So where does this leave women? For women to progress, they must actively seek out professional development opportunities, such as leadership programs. However, current leadership “practitioners and educators lack a coherent, theoretically based, and actionable framework for designing and delivery leadership programs for women” (Ely, Ibarra & Kolb 2011, p.475) forcing them to adopt one of two approaches:

  1. “Add-women-and-stir” (Martin & Meyerson cited in Ely, Ibarra & Kolb 2011, p. 475) which assumes that gender does not matter for leadership development; or
  2. “Fix the women” (Ely & Meyerson cited in Ely, Ibarra & Kolb 2011, p. 475) which locates the problem with women.

Both of these approaches fail to address the male-favoured organisational hierarchies that women face in the workplace, nor do they provided women with the facility to develop leadership identities. Ely, Ibarra & Kolb (2011 pp.486-8) identified three fundamental principles for designing and delivering women’s leadership programs, and these are:

  1. Situate Topics and Tools in an Analysis of Second Generation Gender Bias
  2. Create a Holding Environment to Support Women’s Identity Work
  3. Anchor Participants on their Leadership Purpose.

It was this third and final point that truly resonated with me and, through personal brand work, I was able to solidify my personal brand values. It was from here that I was able to identify my career purpose which is ultimately to learn and create.

What I truly love about working in marketing, regardless of the industry, is testing hypotheses; taking customer data and working out what type of content resonates with customers and what doesn’t. It is from here that I realised that, as long as I am learning and making those dataful connections, this is what gets me out of bed in the morning and not the position I hold within an organisation. Although, Marketing Manager does have a nice ring to it.

Learn more about gender equality

References

  • Australian Government & Workplace Gender Equality Agency 2017, Australia’s gender equality scorecard: Key findings from the Workplace Gender Equality Agency’s 2016-2017 reporting data, Workplace Gender Equality Agency, viewed 16 August 2018, <https://wgea.gov.au/sites/default/files/2016-17-gender-equality-scorecard.pdf&gt;.
  • Ely, R.J, Ibarra, H & Kolb, D.m 2011, ‘Taking Gender into Account: Theory and Design for Women’s Leadership Development Programs’, Academy of Management Learning & Education, vol. 10, no. 3, pp. 474-493.
  • Eysenck, M. W 2004. Psychology: An international Perspective. New York: Psychology Press Ltd.\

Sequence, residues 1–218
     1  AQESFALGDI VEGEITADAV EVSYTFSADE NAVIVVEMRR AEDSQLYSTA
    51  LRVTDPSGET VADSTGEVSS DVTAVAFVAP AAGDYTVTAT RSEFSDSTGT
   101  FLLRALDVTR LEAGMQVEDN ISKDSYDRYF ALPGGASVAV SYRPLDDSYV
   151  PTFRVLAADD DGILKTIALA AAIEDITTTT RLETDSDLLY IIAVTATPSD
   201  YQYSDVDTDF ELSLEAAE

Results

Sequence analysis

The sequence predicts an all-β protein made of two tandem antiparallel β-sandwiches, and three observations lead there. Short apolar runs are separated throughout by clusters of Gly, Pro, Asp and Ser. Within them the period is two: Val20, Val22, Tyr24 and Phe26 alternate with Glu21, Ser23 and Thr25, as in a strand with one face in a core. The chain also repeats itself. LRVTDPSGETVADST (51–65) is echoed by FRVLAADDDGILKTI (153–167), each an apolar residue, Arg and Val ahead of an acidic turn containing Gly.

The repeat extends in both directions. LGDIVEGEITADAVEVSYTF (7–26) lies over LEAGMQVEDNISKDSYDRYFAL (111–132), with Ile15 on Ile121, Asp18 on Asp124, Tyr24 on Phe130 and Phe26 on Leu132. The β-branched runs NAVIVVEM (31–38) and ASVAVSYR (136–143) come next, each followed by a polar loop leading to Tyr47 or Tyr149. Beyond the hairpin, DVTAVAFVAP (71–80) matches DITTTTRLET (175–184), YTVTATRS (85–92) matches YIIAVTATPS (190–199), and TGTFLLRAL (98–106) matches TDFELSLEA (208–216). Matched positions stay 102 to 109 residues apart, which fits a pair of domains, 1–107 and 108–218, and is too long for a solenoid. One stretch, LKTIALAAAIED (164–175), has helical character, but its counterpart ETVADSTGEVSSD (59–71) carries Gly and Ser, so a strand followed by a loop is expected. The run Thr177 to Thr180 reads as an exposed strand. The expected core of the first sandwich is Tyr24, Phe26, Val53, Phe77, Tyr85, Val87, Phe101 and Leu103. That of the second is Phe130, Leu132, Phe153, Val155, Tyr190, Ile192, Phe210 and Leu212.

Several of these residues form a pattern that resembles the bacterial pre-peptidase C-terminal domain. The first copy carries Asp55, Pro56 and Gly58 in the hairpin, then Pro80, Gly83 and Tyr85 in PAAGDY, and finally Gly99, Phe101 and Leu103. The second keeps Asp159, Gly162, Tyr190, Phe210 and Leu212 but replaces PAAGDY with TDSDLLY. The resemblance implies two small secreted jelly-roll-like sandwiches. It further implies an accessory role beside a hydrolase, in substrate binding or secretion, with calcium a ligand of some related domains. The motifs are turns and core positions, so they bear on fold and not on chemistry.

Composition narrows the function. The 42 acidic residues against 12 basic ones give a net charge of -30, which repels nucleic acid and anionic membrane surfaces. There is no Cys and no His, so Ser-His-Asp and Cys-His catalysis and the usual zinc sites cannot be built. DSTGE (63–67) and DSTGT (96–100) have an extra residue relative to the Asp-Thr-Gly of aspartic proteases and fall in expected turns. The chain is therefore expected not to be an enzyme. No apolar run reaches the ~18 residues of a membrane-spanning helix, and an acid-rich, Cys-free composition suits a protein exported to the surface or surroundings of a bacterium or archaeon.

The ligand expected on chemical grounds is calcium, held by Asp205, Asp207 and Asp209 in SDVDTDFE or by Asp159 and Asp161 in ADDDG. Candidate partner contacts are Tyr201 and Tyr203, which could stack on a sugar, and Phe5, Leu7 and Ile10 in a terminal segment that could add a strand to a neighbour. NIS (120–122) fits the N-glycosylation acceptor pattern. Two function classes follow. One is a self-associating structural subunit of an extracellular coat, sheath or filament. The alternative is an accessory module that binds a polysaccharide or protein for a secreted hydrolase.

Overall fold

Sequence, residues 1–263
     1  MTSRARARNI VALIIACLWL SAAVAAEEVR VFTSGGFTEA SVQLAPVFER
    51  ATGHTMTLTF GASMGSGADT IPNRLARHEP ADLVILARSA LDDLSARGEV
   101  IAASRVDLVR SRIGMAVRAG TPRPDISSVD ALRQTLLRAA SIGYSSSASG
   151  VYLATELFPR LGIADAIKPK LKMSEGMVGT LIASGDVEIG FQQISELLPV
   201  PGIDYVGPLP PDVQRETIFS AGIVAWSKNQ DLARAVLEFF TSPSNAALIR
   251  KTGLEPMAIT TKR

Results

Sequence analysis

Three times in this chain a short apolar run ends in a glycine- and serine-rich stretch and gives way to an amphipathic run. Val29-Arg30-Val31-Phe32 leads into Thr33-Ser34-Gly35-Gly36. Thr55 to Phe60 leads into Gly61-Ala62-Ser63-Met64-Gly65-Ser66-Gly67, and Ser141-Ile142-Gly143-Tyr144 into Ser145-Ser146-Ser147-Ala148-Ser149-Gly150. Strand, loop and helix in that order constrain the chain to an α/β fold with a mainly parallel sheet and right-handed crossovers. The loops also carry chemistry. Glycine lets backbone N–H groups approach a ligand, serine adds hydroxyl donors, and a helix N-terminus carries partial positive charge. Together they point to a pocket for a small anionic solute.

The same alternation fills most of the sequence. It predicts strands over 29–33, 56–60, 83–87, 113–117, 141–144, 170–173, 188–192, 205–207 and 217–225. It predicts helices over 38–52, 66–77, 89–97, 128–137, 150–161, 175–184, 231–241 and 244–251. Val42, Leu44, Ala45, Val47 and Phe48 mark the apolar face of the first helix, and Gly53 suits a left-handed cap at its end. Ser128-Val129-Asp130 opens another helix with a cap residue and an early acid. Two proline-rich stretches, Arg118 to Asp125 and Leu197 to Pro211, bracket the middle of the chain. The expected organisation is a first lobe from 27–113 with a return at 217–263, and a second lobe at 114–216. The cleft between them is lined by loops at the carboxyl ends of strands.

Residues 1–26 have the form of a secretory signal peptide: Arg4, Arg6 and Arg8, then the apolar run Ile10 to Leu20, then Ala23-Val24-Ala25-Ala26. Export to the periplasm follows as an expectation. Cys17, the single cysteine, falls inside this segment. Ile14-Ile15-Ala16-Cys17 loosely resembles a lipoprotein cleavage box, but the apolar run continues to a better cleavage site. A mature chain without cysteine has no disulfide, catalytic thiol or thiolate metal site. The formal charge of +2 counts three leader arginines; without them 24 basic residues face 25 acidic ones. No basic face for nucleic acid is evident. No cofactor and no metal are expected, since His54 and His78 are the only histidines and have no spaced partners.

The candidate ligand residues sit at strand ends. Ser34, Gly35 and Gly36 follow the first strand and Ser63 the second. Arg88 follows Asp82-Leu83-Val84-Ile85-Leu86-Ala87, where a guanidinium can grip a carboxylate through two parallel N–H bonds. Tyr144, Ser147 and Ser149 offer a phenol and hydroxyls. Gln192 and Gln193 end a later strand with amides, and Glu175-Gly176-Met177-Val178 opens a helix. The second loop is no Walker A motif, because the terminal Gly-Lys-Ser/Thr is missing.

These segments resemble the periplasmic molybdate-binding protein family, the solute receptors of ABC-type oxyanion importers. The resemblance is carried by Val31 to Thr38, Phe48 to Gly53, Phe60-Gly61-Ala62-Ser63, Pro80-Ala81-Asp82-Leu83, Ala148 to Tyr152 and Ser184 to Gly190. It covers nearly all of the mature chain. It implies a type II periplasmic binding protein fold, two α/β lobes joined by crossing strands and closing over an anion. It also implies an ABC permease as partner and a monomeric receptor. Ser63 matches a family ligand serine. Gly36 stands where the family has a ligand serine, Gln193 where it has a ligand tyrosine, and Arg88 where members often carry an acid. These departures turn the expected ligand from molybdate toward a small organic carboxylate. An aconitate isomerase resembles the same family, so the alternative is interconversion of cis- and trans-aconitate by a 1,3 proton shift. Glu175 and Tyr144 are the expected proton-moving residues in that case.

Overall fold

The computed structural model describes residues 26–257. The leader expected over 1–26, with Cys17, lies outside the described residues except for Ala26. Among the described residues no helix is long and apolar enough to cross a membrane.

• Michalidis, M.P, Morphitou, R.N & Theophylatou, I 2012 ‘ Women at workequality versus inequality: barriers for advancing in the workplace’, The International Journal of Human Resource Management, vol. 23, no. 20 pp. 4231-4252.

Research Paper: AIDes Campaign

The purpose of this essay is to critically analyse a contemporary social marketing campaign, by the AIDeS foundation, in order to demonstrate how the relationship between the key message and the intended audience is successful in delivering persuasive ideals. This will be achieved through the deconstruction of the campaign using Saussure’s definition of semiotics, ideologies, intertextuality, connotations and denotations.

This deconstruction will provide insight into the campaigns key message, its intended audience and the ways in which it persuades the audience to accept those messages.

AIDeS is a French, non-government, non-profit, community based organisation designed to provide support for those directly and indirectly affected by AIDS.

The organisation; founded in 1984 by Daniel Defert after the death, from AIDS, of his philosopher friend, Michael Foucault; is “independent of all religious, moral, political or scientific groups” (http://www.aides.org/en/informations/association/valeurs-et-principes.php)

The name AIDeS is derived from the French word for support, aides, and the acronym for Acquired Immune Deficiency Syndrome, AIDS. In 2005 France recorded 130,000 young adults living with AIDS. World-wide, the number of people living with AIDS is 39.5 million of which 37.2 of these, are young adults. AIDS has long been referred to as an epidemic and it is obvious by the numbers, that it can be so considered. France with its ever increasing AIDS numbers developed a rather, robust and aggressive marketing campaign to educate its people, particularly young adults, into behaving with more responsibility regarding sexual intimacy, as evidenced by the appendices.